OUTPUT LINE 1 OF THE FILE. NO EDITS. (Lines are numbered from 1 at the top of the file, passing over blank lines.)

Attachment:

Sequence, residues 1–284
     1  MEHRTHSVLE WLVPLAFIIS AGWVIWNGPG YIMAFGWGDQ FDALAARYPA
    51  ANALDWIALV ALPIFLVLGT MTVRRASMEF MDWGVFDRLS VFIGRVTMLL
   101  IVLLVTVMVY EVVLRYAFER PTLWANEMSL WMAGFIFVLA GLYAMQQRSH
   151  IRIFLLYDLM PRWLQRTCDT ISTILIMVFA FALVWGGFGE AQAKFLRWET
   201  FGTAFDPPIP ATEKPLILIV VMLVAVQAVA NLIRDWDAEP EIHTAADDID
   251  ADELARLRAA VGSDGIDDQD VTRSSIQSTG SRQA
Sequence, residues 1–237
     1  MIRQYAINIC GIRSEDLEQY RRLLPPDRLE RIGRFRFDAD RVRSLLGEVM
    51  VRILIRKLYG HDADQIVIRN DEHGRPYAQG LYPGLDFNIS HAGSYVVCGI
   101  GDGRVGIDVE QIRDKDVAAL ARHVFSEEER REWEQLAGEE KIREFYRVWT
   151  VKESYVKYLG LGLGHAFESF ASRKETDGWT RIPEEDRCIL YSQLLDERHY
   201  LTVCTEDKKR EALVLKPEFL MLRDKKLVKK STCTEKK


Sequence, residues 1–284